The figures presented in this news release are based on the latest population forecast. The definitive figures are still subject to revision as a result of recent developments.
|2020* (x 1,000)||2019 (x 1,000)||2018 (x 1,000)|
|* estimate ** including administrative corrections|
The first wave of the coronavirus epidemic in particular had a major effect on population growth, with more deaths than births, while growth due to to foreign migration came to a virtual standstill. Inward foreign migration picked up again following a drop in mortality and a cautious easing of restrictions. In Q4, mortality went up again; during the second epidemic wave, the year-on-year changes in immigration and emigration were considerably smaller than during the first wave.
Growth mainly due to migration
The population grew mainly on account of migration, with the balance of inward and outward migration at 59 thousand. Immigration is expected to have ended at nearly 211 thousand last year, down by more than 58 thousand on the previous year. Emigration declined less markedly, from 161 thousand to 152 thousand.
Natural population growth (births minus deaths) is expected to end at 4 thousand. During both the first and the second wave, deaths exceeded births.
Due to the slower population growth, the number of inhabitants rose to 17.47 million instead of passing the anticipated 17.5 million-mark.
|Population growth (x 1 000)||Net migration (x 1 000)||Natural growth (x 1 000)|
Fewer Dutch-born emigrants
Within the group of Dutch-born migrants, emigration declined year-on-year in particular. The number of returning migrants remained virtually unchanged. Dutch-born migrants typically include more emigrants than returning migrants. The balance over the past year was positive, with fewer emigrants than returning migrants. The largest drop in emigration was recorded during the intelligent lockdown during the second quarter, but even after this, emigration remained below 2019 levels. For a short period of time after the introduction of measures against coronavirus in March 2020, a relatively high number of Dutch emigrants returned to the Netherlands. People born in the Netherlands have either a native Dutch background or a second-generation migration background.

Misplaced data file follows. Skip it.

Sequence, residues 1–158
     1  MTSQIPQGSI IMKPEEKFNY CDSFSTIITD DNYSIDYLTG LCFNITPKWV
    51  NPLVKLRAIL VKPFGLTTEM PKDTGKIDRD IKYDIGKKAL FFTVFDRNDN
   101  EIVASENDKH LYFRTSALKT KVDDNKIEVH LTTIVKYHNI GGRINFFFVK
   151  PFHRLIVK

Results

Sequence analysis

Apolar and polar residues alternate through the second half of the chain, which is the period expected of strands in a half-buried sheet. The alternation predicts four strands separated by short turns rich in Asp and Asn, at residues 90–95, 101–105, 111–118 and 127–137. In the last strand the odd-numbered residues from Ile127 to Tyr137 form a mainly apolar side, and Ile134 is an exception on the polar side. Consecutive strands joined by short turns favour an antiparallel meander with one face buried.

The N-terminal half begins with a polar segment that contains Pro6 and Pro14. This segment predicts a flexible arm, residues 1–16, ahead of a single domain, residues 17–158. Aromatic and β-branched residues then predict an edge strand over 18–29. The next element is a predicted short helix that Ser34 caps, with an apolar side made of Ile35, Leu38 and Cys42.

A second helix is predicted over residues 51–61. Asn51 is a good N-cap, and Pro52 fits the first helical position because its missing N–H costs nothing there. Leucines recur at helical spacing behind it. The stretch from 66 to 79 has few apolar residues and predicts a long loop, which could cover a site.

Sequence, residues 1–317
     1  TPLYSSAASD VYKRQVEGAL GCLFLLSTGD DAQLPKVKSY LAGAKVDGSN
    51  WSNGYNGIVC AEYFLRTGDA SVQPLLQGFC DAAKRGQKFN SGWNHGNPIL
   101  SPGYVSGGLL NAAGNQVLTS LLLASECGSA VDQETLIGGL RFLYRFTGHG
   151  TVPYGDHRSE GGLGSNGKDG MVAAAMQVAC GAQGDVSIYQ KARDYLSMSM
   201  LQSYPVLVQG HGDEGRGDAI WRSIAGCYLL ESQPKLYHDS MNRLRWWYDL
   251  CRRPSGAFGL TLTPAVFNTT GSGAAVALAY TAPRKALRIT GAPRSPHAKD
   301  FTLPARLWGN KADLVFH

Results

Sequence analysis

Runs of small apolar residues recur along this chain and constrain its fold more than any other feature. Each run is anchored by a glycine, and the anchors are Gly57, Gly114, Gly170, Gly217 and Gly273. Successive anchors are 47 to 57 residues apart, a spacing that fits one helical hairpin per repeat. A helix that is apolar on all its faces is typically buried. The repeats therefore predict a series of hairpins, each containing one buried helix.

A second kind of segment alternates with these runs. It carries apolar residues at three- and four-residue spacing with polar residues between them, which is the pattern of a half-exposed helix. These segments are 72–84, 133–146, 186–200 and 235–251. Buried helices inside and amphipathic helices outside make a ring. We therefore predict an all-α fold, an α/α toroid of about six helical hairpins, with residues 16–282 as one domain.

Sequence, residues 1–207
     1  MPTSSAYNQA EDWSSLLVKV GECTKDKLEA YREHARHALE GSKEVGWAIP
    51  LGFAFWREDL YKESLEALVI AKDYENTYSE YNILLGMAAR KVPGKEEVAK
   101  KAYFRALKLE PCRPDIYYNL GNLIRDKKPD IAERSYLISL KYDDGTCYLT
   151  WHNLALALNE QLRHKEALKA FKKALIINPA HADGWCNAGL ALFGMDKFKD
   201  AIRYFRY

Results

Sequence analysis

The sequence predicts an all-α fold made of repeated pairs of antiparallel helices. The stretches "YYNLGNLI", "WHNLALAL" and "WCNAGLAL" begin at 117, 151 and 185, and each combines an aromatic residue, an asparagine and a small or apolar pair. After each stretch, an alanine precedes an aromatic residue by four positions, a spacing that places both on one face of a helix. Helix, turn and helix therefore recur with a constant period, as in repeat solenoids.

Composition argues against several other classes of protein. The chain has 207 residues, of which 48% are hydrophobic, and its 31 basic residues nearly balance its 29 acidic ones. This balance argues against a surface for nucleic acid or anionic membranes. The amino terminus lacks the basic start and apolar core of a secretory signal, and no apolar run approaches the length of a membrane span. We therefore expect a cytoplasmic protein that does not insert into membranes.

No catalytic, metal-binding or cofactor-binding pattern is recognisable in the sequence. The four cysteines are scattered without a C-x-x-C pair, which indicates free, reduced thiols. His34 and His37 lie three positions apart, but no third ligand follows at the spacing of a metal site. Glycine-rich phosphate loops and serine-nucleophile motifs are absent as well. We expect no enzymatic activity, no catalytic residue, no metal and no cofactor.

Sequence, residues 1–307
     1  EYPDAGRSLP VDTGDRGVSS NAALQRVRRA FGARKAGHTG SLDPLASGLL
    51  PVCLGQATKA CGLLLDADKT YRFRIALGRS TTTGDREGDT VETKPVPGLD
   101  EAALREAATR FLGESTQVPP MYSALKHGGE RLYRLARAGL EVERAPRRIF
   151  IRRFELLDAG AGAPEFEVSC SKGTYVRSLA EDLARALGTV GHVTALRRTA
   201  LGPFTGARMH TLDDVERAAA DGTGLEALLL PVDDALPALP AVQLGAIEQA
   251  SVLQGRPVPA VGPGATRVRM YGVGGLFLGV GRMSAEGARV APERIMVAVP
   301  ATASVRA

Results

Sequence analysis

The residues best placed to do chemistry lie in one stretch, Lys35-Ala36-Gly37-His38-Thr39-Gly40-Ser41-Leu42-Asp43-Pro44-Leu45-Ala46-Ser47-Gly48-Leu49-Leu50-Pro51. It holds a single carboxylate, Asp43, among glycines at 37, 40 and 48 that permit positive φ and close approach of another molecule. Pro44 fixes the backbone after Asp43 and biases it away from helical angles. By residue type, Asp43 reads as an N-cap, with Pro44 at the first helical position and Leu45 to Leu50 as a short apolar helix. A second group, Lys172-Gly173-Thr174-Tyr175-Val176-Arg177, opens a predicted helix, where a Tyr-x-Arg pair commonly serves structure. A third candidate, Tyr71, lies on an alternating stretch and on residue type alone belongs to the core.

|categorie||2020* (x 1,000)||2019 (x 1,000)||2018 (x 1,000)|
|Netherlands, second generation||32.4||35.6||35.2|
|Netherlands, second generation||31.6||40.2||42.5|
|Netherlands, second generation||0.8||-4.7||-7.3|
|* estimate ** incl. UK *** incl. administrative corrections|
Immigration from outside the EU fell most rapidly
Among the groups of migrants who were born outside the Netherlands, immigration was down in particular relatively to 2019. The number of immigrants declined upon the implementation of measures against coronavirus in mid-March. The drop was less significant among EU immigrants, and the number increased again more rapidly after lifting of the intelligent lockdown.
Emigration among this group did not change as much; during the lockdown, there were fewer non-EU emigrants but the number of emigrants from other EU countries did not decline. In 2020, the number of EU nationals emigrating from the Netherlands was higher than one year previously. Emigration was up in Q1 in particular, also among non-EU migrants.
In the group of non-EU migrants, the drop in emigration was largest among Asian nationals, followed by nationals from the Americas and Oceania. Within the Asian emigrant group, there was relatively less decline among the group from the Middle East, which includes, for example, Syrian refugees. Following the temporary suspension of asylum procedures on account of measures against coronavirus, increasing numbers of asylum seekers were registered again as of the summer.